Global Logistics Technologies Inc. (G-Log) and New Meadows Venture Partners recently launched SupplyLinks Inc. – an Internet-based global supply chain network designed to link customers to various transportation modes and service providers through a single platform.
The San Francisco-based SupplyLinks, an application service provider (ASP) powered by G-Log’s Global Command and Control Center logistics software, will target the high-tech, aerospace, heavy equipment, pharmaceutical and health-care industries.
The SupplyLinks portal aims to streamline the supply-chain management system – allowing companies to automate and simplify the buying, transporting and managing of their products by providing access to established carriers all over the world.
SupplyLinks has also created an online marketplace that will enable shippers to calculate and compare costs from various transportation providers, and then carry out transactions accordingly. Buyers can also compare the landed (or total) cost of finished goods, parts and components before choosing a vendor. That total includes insurance, duties, taxes and other customs and clearance fees.
“Buyers will be able to make sourcing decisions based on up-to-date information,” says Eric Chasin, SupplyLinks’ chief technology officer.
Transportation providers can also electronically track shipments and notify customers if there’s a problem in transit, allowing customers to make any necessary changes. “SupplyLinks allows [companies] to figure out the most cost-effective way to move their products,” says chairman and CEO David Beatson. “And carriers can pick up orders they don’t ordinarily have access to.”
One advantage that SupplyLinks may have over its competitors is its ability to calculate the total cost of shipping goods around the world. This is backed up by a recent Bear Stearns report titled “E-gistics: How E-Commerce and the Supply Chain Click,” which says that international trade logistics is the wave of the future in e-commerce.
The complexities of shipping goods purchased online across national borders is a limiting factor for e-commerce, the report said. The report also noted that 85 per cent of online merchants are unable to accommodate international orders because they are unable to get a total landed cost estimate for an international shipment in near real-time.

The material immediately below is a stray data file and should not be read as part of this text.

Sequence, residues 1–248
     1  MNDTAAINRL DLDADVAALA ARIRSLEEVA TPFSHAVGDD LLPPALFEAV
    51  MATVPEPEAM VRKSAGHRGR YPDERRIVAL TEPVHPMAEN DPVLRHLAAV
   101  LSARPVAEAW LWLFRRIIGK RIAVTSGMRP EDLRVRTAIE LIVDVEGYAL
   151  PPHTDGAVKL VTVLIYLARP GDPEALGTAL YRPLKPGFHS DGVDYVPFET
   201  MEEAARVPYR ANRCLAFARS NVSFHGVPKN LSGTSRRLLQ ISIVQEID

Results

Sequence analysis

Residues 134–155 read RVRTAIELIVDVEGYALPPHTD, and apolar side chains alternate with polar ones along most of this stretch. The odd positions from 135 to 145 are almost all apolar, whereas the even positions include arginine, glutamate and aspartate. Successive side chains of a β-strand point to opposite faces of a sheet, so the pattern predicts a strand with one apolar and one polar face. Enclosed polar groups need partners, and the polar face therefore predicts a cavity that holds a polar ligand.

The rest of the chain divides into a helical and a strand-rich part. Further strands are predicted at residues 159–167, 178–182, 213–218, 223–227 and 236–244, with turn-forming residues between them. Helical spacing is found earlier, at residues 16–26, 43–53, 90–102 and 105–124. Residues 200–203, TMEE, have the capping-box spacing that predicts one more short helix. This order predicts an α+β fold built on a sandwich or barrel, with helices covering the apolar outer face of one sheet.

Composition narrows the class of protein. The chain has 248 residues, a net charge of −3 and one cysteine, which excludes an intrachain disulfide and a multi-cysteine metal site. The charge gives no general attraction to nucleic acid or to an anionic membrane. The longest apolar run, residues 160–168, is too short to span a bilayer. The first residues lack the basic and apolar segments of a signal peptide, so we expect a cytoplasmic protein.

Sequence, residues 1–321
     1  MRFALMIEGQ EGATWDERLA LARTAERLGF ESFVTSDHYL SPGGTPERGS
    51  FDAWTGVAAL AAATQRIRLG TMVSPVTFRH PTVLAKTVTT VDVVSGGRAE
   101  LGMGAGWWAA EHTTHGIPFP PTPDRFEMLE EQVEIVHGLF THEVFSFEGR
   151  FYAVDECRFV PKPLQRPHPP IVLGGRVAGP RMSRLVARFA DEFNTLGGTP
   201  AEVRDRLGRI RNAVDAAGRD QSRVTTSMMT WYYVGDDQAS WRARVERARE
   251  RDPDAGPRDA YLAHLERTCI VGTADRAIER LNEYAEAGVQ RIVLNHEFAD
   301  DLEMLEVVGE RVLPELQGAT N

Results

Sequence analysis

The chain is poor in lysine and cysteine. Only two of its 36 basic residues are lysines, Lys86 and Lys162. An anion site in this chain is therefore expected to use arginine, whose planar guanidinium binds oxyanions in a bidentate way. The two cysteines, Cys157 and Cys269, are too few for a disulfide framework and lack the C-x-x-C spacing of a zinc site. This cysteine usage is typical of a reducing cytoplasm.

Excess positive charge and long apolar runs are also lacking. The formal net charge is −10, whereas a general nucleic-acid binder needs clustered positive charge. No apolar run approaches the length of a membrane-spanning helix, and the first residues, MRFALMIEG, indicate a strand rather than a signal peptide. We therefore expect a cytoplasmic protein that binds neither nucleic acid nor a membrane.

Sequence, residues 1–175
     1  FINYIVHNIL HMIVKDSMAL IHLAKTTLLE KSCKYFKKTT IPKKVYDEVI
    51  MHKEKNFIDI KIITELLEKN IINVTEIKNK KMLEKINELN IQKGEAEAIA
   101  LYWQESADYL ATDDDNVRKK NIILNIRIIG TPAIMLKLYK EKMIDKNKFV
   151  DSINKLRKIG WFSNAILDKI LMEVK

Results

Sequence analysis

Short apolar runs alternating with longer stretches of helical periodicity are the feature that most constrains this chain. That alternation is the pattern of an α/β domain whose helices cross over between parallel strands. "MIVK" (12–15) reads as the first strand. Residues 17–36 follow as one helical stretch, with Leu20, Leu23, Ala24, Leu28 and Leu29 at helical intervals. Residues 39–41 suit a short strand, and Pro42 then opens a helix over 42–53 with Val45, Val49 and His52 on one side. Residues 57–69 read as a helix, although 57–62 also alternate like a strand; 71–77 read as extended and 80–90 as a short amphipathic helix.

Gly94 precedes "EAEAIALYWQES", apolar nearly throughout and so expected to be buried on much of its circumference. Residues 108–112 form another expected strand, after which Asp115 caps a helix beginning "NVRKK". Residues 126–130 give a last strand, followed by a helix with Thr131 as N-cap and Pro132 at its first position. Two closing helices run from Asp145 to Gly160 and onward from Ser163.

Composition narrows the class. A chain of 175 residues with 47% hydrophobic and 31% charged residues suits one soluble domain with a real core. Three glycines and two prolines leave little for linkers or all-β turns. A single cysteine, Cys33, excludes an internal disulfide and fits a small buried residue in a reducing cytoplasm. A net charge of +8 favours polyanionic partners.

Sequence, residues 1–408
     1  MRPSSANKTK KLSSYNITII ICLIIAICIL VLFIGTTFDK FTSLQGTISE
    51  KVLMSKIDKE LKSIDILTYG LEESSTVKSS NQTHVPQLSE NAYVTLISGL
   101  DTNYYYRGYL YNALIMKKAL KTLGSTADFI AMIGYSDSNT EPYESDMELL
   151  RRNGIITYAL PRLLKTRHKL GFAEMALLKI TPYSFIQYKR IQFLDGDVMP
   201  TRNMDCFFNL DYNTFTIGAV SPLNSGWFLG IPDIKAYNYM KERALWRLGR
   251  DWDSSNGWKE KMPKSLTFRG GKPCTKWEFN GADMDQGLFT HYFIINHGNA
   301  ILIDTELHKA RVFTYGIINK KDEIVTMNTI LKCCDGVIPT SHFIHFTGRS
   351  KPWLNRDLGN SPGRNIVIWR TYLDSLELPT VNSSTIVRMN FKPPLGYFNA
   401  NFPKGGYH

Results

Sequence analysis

Freight transport firms and logistics providers without this online capability will be at a distinct disadvantage, the Bear Stearns report claims.
Chasin says that the combination of Beatson’s experience and his relationships with shippers and carriers around the world will help distinguish SupplyLinks from similar ventures. Beatson has been in the transportation and freight forwarding industry for 25 years, and according to Chasin, his worldwide network of contacts will prove invaluable in helping the new company build a client base.
“Dave’s strength is that for the last two years he was the chairman, president and CEO of Circle International, a global freight forwarder, and before that he spent seven years with Emery Worldwide, as vice-president of sales and marketing and then president and CEO,” Chasin says.
Those relationships are very important in the world of logistics, according to Donald Broughton, an analyst at A. G. Edwards & Sons Inc. in St. Louis. Broughton says that because there isn’t much to distinguish one logistics service provider from another, only those that bring pre-existing relationships to the virtual world will survive.
“The logistics exchanges out there have to have alliances with several suppliers and buyers [and transportation carriers],” Broughton said. In the end, he adds, only those players that already have those relationships will survive.
Cutline: The newly launched SupplyLinks application service provider will allow companies “to figure out the most cost-effective way to move their products,” says chairman and CEO David Beatson.
NOTE: THE PICTURE OF DAVID BEATSON WAS COURIERED TO KIM.